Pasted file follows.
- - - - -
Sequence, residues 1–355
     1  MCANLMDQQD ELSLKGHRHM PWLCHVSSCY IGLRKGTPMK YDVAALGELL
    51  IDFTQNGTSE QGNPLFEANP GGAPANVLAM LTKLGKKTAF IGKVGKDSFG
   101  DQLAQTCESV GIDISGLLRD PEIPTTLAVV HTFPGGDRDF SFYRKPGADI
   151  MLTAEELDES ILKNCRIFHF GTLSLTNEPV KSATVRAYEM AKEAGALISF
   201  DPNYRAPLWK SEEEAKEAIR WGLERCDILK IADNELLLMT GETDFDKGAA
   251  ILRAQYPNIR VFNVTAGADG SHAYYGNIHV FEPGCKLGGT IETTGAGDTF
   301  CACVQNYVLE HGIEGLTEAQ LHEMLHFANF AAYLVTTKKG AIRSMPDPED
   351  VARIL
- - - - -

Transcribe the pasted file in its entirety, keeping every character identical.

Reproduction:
Sequence, residues 1–355
     1  MCANLMDQQD ELSLKGHRHM PWLCHVSSCY IGLRKGTPMK YDVAALGELL
    51  IDFTQNGTSE QGNPLFEANP GGAPANVLAM LTKLGKKTAF IGKVGKDSFG
   101  DQLAQTCESV GIDISGLLRD PEIPTTLAVV HTFPGGDRDF SFYRKPGADI
   151  MLTAEELDES ILKNCRIFHF GTLSLTNEPV KSATVRAYEM AKEAGALISF
   201  DPNYRAPLWK SEEEAKEAIR WGLERCDILK IADNELLLMT GETDFDKGAA
   251  ILRAQYPNIR VFNVTAGADG SHAYYGNIHV FEPGCKLGGT IETTGAGDTF
   301  CACVQNYVLE HGIEGLTEAQ LHEMLHFANF AAYLVTTKKG AIRSMPDPED
   351  VARIL